<With most of these crabs, the problem/challenge is stopping the adults killing each other. Parathelphusa are supposedly less bad in this regard than others, but still... wouldn't bet the house on it. Good luck, Neale.>

Brown back crab       2/28/15
Hi I have a female brown back that was pregnant and over the resent months I have seen a couple of babies but I am confused as they seem to be of different sizes. And just recently I saw another baby that only looks like it was just born. I did have three males when I first got them plus the female but the other males died not long after she became pregnant. They
died from different causes. I am just wondering why the young crabs seem to be hatching at different times.
Thank you
<Holthuisana spp. produce eggs that the female carries around. After hatching out, the juvenile crabs are essentially self sufficient, feeding on the same sorts of soft fruit, detritus and carrion as the adults. But they're also highly vulnerable to predation, including from the parents.
Feeding adequately may also be a problem, especially if their diet lacks iodine (most easily supplied using marine aquarium vitamin supplements at half dose, or specialist crustacean foods containing iodine). In the wild these juvenile crabs predominantly inhabit wet leaf litter and do poorly kept permanently submerged (as I'm sure you know, these crabs are more
amphibious than aquatic, and need a pet frog-style set-up with a dry land area as well as a shallow water). If you build the dry land area to include some coconut fibre or moss, it will be easier for the juvenile crabs to stay out of harm's way, especially when moulting. Various rocks and bogwood roots can be used to create further hiding places. It is important though the land area is fairly warm (18-22 C is fine) and humid. Warming the water with a regular aquarium heater while using a pane of glass (or acrylic) that almost (but not quite) covers the top of the tank to keep the warm, damp air inside the tank will work nicely at minimal expense. Allow a 1 cm gap at each end for fresh air to get in though. Provided you make these tweaks, and provide a calcium-rich diet, you will provide the best environment for your adult and juvenile crabs (these crabs are very hardy, and the fact several have died already suggests you're doing something wrong with their maintenance). There's probably a lot to be said to moving juveniles to a separate terrarium built along the same lines if you want to
produce large numbers of them. Hope this helps, Neale.>
Re: Brown back crab       2/28/15

Thank you so much for replying.
I am interested though on why I have seen over the past 6 months a big variety in sizes of these young crabs I have three that are around the size of a fifty cent coin and then have spotted a couple that are only the size of a five cent coin and when I was looking at the tank only the other day I spotted two that are extremely tinny and look like new borns, even though
we only had one female mature crab that was pregnant. I am confused by the different sizes.
<May be multiple broods per mating; may be varying amounts of food/calcium available so varying growth rates within broods; may simply be genetic/sexual differences... hard to say. Some crustaceans are parthenogenic, but I don't think these crabs are.>
Regards Tricia
<Welcome. Neale.>

Crab reproduction question     12/15/14
I hope you can help me?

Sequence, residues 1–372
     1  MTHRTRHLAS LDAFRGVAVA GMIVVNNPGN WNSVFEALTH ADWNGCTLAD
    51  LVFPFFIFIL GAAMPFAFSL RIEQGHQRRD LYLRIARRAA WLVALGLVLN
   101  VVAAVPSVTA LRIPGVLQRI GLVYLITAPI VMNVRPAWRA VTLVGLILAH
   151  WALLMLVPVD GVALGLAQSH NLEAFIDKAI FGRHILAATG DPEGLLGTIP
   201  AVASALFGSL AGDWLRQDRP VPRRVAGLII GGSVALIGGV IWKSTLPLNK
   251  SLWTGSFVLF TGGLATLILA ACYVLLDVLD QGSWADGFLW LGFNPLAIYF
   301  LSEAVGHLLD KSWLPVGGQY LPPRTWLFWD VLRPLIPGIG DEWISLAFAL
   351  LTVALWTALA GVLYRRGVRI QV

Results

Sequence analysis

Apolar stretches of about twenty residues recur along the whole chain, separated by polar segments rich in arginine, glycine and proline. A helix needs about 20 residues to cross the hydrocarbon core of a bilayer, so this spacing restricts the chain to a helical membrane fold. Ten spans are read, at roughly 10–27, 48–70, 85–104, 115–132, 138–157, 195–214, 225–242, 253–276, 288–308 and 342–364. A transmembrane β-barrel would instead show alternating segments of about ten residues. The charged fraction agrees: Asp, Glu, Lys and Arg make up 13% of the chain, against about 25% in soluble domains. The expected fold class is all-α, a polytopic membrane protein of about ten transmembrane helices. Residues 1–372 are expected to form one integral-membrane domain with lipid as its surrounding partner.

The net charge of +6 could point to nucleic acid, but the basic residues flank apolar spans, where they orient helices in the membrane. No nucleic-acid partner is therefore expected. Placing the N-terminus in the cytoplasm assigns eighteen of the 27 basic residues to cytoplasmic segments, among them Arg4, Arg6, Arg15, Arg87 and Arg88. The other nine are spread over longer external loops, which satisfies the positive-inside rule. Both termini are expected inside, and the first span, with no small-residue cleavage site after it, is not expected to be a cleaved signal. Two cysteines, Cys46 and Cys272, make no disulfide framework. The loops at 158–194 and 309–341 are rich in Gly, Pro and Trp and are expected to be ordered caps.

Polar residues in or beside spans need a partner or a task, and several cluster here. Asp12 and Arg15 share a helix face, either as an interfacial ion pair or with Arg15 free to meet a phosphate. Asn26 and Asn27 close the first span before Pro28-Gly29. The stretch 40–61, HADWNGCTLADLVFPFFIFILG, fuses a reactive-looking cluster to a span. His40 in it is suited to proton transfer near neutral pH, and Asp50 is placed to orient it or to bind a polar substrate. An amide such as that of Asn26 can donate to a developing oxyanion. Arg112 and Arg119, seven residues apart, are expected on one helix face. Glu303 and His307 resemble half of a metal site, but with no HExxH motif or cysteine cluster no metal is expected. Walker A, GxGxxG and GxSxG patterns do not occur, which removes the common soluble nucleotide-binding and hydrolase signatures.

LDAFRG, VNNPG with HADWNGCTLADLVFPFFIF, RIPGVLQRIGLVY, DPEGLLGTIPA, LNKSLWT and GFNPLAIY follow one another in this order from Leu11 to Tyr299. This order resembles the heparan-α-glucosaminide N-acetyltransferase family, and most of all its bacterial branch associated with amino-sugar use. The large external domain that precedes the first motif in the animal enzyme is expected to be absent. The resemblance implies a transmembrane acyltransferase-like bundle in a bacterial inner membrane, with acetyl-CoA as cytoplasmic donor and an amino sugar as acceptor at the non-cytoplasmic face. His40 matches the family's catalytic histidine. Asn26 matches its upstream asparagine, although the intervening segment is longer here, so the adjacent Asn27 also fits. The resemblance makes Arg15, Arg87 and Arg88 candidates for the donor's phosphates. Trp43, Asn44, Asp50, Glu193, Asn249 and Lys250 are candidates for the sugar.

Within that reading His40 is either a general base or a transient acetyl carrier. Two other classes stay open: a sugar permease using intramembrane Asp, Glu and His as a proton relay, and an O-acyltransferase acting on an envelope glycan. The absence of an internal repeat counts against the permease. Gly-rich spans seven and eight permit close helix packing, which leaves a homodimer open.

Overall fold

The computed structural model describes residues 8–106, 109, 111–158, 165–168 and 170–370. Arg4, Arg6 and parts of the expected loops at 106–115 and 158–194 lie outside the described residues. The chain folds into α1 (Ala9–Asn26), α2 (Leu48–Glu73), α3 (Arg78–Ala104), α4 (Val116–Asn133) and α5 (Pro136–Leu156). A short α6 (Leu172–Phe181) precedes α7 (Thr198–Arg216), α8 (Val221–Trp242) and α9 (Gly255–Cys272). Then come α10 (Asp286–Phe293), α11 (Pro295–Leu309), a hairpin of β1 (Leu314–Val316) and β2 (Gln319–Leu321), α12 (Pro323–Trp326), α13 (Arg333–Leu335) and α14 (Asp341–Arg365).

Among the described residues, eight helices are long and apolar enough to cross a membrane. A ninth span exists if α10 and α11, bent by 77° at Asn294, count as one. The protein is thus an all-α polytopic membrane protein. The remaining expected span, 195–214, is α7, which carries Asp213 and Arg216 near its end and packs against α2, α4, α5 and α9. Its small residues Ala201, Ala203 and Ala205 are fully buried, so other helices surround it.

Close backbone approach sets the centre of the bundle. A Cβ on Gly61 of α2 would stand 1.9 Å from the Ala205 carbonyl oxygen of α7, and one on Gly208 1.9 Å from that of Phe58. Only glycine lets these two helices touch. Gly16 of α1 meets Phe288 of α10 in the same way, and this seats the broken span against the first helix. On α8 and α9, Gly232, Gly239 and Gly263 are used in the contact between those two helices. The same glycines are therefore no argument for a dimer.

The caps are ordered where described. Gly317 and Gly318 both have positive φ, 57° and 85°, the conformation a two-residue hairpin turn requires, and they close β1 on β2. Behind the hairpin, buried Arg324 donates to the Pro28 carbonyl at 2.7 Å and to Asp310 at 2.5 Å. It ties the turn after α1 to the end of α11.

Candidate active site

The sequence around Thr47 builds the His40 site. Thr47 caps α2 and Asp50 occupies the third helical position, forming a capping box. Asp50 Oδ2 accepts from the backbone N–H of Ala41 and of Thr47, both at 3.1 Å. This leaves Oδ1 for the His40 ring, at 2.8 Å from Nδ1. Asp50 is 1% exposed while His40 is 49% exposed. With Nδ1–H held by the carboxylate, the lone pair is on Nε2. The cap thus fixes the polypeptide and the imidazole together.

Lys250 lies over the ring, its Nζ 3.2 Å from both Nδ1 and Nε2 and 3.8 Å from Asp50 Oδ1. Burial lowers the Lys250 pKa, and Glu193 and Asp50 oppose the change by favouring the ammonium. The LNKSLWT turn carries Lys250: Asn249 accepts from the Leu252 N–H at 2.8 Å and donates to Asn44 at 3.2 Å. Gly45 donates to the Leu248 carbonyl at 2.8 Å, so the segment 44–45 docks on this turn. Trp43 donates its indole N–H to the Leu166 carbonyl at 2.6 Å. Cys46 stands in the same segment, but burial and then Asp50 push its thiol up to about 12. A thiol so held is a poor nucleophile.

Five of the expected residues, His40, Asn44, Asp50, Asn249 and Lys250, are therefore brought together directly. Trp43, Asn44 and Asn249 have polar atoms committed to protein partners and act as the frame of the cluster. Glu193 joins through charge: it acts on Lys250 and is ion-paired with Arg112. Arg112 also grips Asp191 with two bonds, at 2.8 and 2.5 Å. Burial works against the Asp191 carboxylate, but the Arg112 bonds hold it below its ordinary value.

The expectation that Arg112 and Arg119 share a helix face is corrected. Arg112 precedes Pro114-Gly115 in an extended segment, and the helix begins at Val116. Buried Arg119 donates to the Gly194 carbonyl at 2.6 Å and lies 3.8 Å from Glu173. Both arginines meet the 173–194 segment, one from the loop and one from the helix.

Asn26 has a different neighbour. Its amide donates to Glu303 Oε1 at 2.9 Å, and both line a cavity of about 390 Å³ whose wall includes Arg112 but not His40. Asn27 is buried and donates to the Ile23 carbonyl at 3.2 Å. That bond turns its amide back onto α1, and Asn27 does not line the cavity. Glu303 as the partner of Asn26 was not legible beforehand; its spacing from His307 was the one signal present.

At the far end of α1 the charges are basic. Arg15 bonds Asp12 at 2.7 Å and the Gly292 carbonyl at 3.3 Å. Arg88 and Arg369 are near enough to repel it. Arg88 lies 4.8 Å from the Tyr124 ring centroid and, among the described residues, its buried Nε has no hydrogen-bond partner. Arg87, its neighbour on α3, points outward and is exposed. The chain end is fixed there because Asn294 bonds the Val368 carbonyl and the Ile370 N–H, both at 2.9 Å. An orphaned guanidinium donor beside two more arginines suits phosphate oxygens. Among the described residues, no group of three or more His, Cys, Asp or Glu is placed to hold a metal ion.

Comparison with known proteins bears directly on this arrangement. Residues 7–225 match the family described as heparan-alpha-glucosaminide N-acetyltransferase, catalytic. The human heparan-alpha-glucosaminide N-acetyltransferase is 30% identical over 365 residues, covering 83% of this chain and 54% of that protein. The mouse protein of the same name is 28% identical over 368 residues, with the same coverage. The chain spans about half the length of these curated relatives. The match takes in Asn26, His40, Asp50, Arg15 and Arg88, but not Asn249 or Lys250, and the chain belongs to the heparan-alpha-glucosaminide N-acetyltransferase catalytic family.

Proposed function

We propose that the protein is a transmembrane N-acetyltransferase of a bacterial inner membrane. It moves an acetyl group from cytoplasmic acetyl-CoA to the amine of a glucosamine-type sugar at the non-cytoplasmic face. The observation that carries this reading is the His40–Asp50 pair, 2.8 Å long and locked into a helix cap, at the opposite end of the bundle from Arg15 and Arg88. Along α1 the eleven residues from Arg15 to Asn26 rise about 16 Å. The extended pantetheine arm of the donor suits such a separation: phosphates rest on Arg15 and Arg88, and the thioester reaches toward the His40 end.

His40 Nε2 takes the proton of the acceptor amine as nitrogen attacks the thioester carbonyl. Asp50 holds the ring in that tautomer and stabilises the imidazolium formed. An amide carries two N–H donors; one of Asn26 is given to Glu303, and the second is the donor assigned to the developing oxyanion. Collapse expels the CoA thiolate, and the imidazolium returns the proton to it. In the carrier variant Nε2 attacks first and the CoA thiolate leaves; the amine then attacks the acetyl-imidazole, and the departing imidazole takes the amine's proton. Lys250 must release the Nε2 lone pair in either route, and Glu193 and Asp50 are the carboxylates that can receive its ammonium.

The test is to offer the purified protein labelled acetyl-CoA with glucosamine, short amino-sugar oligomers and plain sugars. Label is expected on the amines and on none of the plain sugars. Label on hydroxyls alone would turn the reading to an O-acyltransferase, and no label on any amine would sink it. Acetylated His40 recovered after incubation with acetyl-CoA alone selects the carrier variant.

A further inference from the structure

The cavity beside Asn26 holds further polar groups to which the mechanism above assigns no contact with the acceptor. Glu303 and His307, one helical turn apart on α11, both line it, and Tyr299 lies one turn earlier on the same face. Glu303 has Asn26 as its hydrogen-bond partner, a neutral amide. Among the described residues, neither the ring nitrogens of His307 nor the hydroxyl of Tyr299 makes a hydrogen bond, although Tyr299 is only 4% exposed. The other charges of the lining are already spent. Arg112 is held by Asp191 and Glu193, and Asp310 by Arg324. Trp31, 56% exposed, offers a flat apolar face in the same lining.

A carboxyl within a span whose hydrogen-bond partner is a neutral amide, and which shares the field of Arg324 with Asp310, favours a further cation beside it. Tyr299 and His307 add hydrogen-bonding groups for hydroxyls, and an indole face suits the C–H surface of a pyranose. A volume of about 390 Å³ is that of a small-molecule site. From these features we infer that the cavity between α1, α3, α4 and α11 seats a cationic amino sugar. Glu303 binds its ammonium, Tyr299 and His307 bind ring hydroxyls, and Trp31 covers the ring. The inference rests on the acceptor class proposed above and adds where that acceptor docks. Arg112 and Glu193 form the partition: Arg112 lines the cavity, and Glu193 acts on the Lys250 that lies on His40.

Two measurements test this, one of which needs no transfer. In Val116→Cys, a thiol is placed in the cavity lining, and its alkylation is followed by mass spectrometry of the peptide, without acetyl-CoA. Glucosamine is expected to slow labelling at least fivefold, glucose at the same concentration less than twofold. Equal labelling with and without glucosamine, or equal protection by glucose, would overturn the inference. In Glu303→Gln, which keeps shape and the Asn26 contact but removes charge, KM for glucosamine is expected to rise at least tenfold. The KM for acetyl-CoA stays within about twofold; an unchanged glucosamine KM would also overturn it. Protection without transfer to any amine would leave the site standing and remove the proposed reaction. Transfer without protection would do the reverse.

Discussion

I have a tropical fish tank, with approximately 15 fish, along with one crab . ( which I believe is a red Thai crab) .
<Perisesarma bidens; a common species in the hobby. Actually a brackish species, but lives a few months to a year in freshwater without problems.
Not a community animal though, which I hope your retailer explained. Needs land, brackish water, iodine drops for successful moults, sometimes attacks fish, highly territorial.>
I have recently noticed, a baby crab! I'm very confused though as we have only ever had the one crab. Nothing has been added to the tank for over 6 months, so I don't understand how this crab has reproduced alone?
If you're able to respond with any suggestions I would be very great full?
<Crabs like these don't have babies. They produce eggs that they send off into the sea (they live on seashores and mangrove swamps) where the larval crab can develop in the plankton. Eventually the larvae metamorphose into miniature adults, crawl out onto a beach somewhere, and grow up through a series of moults. So a baby Perisesarma bidens that was "born" in your
aquarium is not probable. On the other hand, there are tiny Thai Micro Crabs (Limnopilos naiyanetri) in the trade, and you might have got one with some plants or something like that. It's also true that crayfish produce miniature baby crayfish, and these can survive in communities. Furthermore, parthenogenesis is known from some crayfish, meaning a female can produce youngsters, effectively clones, without a male being present.>
Thank you
<Cheers, Neale.>
Re: Crab reproduction question     12/15/14

Hi Neale
Thank you for your quick response.
I may have the breed of crab wrong, we were never actually told what breed it is, I've just looked on Google images and this is the closest match I could find.
<Indeed. Red Claw Crabs are the commonest "freshwater" crabs in the hobby (despite not being freshwater animals... hmm...). They are cheap and cheerful, though as I say, don't breed in freshwater.>
The plants in the tank are not living, so came from the shop in a sealed plastic box. There is literally nothing else that has been added in the last six months....?
<Curious. Are you sure it's a baby crab then? Neale.>
Re: Crab reproduction question       12/16/14